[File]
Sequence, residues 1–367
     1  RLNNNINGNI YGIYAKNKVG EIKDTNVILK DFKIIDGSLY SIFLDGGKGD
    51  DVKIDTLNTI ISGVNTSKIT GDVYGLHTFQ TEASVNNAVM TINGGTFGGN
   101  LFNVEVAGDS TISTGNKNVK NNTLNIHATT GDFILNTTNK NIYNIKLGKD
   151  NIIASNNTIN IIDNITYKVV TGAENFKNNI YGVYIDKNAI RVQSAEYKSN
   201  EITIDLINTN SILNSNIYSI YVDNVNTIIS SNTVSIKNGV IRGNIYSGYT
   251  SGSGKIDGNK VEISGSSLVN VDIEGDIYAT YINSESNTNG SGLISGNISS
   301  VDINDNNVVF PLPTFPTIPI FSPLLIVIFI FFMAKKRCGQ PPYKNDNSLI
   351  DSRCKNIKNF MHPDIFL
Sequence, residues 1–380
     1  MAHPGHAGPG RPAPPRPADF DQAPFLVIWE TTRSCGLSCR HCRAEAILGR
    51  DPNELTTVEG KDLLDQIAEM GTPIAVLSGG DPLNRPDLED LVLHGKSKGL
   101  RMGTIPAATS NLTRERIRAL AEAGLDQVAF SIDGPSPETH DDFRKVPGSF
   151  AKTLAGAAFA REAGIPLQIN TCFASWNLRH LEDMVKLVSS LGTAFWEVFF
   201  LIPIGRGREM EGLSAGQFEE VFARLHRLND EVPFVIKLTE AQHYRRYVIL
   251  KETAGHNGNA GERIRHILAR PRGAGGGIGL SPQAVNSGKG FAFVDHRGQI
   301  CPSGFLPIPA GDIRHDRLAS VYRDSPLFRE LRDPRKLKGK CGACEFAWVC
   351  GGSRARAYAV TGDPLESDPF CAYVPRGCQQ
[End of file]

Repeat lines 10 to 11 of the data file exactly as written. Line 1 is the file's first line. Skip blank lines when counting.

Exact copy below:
Sequence, residues 1–380
     1  MAHPGHAGPG RPAPPRPADF DQAPFLVIWE TTRSCGLSCR HCRAEAILGR